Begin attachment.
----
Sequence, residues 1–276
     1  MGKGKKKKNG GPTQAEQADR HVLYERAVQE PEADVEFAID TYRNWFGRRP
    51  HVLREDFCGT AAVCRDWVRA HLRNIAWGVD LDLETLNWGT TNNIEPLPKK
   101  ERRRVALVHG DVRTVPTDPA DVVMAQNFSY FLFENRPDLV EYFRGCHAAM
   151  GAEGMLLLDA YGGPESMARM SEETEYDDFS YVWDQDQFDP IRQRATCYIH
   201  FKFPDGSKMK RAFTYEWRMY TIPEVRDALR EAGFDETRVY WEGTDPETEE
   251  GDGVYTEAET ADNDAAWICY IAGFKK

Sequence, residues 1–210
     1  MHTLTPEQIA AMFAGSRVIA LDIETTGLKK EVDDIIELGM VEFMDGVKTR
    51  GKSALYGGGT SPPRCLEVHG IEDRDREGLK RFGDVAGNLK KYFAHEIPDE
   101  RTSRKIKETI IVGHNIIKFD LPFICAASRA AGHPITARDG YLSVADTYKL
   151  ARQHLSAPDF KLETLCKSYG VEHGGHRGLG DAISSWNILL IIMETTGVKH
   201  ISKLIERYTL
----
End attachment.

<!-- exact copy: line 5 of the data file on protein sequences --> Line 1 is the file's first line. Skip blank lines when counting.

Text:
   151  GAEGMLLLDA YGGPESMARM SEETEYDDFS YVWDQDQFDP IRQRATCYIH